Ridiculously easy group-forming matters because the desire to be part of a group that shares, cooperates, or acts in concert is a basic human instinct that has always been constrained by transaction costs. Now that group-forming has gone from hard to ridiculously easy, we are seeing an explosion of experiments with new groups and new kinds of groups.
– Here Comes Everybody by Clay Shirky, pg. 54
Today Socialtext launched Socialtext 4.0. Core to this release is Collaborative Groups. Groups, and the ease in which they are formed, are not new to Socialtext, as we were the first to adapt wikis into the now common workspace construct. But the way in which this new capability is implemented tickles my inner social software geek.
Weblogs have a potential for group-forming like no other medium.
However I’m convinced that much of it to this day remains untapped. I’d
like to explain an idea that I have been bouncing around for a while.
It might well be a reformulation of what others have said previously. I
believe that implementing this properly would give a nice boost to the
blogosphere’s social aggregation capability.
Basically the goal is to push the threshold for group creation to an unprecedented low. I think Reed’s Law should be refined to state:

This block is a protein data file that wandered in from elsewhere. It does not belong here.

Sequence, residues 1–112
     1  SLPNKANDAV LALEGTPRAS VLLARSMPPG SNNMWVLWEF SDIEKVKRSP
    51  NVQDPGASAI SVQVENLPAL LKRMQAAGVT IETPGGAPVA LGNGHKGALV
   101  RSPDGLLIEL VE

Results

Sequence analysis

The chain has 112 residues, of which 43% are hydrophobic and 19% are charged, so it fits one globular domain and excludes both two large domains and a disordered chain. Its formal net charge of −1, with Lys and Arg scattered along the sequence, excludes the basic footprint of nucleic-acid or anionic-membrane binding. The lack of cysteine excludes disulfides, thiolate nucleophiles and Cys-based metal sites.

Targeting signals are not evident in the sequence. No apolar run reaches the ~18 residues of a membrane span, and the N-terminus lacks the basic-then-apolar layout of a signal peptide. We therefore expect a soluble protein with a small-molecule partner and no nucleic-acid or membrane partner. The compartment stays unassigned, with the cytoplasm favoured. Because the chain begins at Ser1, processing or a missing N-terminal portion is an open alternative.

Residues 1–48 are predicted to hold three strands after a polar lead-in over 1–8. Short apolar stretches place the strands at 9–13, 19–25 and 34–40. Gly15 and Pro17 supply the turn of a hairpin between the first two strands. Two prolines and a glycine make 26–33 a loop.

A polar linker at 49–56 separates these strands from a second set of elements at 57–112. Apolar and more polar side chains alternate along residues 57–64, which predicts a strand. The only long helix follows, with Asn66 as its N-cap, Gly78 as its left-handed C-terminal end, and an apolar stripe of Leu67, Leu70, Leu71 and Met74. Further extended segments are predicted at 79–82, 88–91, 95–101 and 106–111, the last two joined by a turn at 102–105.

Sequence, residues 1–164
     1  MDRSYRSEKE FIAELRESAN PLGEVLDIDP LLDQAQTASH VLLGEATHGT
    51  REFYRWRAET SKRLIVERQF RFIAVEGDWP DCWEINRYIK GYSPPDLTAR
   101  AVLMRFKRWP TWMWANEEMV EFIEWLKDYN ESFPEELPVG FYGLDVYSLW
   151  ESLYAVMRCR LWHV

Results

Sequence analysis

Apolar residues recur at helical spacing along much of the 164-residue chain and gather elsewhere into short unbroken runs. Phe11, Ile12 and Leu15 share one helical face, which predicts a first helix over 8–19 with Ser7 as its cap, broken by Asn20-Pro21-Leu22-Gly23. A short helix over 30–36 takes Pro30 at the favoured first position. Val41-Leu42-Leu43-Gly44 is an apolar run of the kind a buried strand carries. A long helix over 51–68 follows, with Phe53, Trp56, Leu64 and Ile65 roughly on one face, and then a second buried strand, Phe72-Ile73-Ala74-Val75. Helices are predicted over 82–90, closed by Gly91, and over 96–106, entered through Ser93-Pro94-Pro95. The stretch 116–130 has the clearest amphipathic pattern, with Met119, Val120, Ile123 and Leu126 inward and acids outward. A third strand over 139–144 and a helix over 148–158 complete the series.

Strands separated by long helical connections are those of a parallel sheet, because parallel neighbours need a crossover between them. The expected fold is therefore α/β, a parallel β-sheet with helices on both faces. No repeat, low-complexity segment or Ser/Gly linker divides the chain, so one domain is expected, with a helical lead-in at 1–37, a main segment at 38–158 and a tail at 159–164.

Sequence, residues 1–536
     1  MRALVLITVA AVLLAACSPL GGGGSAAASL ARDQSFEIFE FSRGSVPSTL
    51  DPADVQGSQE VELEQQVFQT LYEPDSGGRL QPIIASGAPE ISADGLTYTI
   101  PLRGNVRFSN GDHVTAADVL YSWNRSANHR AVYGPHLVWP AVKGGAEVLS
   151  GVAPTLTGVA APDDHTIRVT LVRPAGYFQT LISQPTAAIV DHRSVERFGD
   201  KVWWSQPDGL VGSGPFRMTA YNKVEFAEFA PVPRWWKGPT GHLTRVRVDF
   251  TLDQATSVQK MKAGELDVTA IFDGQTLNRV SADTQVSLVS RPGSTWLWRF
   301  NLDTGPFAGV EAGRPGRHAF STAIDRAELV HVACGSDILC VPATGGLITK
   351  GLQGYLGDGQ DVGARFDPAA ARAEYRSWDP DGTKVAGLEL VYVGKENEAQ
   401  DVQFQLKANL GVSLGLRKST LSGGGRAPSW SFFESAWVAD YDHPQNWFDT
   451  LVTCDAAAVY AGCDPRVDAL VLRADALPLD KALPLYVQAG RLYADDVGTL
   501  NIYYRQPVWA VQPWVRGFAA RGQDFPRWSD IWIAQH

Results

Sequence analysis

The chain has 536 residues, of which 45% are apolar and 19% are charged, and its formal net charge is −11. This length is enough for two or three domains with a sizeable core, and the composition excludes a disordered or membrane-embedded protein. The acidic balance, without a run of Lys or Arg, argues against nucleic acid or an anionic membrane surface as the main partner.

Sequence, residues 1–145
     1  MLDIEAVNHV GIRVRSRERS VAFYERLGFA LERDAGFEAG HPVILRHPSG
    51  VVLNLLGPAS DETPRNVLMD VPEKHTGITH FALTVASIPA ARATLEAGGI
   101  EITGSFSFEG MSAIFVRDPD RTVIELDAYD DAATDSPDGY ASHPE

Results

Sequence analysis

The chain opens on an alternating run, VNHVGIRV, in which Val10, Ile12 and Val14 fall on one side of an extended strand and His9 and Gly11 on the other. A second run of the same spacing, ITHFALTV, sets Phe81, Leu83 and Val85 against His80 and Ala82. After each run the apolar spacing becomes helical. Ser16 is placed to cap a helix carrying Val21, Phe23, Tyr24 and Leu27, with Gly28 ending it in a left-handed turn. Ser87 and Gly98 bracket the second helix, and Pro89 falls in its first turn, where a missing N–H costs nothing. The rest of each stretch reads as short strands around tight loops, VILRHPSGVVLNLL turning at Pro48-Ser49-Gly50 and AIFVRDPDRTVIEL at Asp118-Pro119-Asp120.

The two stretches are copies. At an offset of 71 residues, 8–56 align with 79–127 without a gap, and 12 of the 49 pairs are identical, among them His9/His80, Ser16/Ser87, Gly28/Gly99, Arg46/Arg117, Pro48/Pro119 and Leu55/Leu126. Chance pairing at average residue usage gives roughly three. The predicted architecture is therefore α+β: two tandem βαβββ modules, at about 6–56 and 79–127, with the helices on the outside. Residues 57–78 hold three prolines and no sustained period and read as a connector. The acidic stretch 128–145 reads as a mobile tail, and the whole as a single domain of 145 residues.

The value of a group-forming network increases exponentially with the number of people in the network, and in inverse proportion to the effort required to start a group.
4.0 makes it ridiculously easy for anyone to form a group, assemble needed tools and set the right privacy. Groups and their activity streams are discoverable. However, if I was to further amend Reed’s Law, it would include “…and manage the noise it generates.”
Take groups on Twitter. The strength of hashtags is easy group-forming and discovery. The weakness is noise in and around the hashtag. Lists are relatively hard to form and discover, but I bet that will improve. Lists have relatively less noise unless you subscribe to them, and are more noisy as people-centric constructs.
Twitter doesn’t have Groups, but when you have a large scale enterprise microblogging deployment, you decidedly need them. Groups need to be public, private or hidden. Simple affordances let you have people-centric groups (e.g. a workgroup) or topical (e.g. innovation). But the real strength is filtering microblogging and activity streams. And if you miss something in real time, be able to leverage rankings and search that delivers results in context.
Thanks for letting me get my social software geek on.
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